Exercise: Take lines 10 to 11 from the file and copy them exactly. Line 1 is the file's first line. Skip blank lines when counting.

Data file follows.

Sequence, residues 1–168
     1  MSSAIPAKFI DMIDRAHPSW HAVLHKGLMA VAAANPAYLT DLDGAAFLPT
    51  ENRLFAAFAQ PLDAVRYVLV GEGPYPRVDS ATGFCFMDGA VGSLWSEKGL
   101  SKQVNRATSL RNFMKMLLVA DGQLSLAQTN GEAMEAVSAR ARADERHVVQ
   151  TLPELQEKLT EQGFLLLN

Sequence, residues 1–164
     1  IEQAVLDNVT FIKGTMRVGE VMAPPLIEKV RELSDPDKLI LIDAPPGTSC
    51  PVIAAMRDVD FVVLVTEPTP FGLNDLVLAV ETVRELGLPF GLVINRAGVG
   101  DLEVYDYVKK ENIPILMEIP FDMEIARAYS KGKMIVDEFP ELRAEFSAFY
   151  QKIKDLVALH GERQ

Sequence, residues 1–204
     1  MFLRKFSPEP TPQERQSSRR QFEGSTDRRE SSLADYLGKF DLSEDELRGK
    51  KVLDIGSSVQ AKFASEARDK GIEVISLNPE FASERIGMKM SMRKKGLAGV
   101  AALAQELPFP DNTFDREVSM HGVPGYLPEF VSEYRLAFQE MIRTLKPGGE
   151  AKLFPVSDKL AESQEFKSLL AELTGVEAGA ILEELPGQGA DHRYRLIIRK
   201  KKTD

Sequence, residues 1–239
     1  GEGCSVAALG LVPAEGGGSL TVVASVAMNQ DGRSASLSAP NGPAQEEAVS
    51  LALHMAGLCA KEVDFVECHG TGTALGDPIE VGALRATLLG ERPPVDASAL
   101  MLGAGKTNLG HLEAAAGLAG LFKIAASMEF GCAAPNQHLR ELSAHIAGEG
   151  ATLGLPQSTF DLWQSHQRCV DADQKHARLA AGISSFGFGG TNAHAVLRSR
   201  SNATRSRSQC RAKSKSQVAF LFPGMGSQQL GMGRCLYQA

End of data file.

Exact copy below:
   151  QKIKDLVALH GERQ

Sequence, residues 1–204